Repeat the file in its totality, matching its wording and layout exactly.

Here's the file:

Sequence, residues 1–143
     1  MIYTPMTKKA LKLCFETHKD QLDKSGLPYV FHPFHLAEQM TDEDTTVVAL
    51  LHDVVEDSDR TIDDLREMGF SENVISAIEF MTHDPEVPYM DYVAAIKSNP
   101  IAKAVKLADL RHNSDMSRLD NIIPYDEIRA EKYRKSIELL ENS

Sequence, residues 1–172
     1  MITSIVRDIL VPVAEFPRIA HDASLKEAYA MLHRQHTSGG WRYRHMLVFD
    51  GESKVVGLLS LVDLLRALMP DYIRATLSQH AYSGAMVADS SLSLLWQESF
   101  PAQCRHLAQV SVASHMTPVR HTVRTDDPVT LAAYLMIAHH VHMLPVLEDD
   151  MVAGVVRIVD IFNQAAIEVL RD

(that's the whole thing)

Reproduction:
Sequence, residues 1–143
     1  MIYTPMTKKA LKLCFETHKD QLDKSGLPYV FHPFHLAEQM TDEDTTVVAL
    51  LHDVVEDSDR TIDDLREMGF SENVISAIEF MTHDPEVPYM DYVAAIKSNP
   101  IAKAVKLADL RHNSDMSRLD NIIPYDEIRA EKYRKSIELL ENS

Sequence, residues 1–172
     1  MITSIVRDIL VPVAEFPRIA HDASLKEAYA MLHRQHTSGG WRYRHMLVFD
    51  GESKVVGLLS LVDLLRALMP DYIRATLSQH AYSGAMVADS SLSLLWQESF
   101  PAQCRHLAQV SVASHMTPVR HTVRTDDPVT LAAYLMIAHH VHMLPVLEDD
   151  MVAGVVRIVD IFNQAAIEVL RD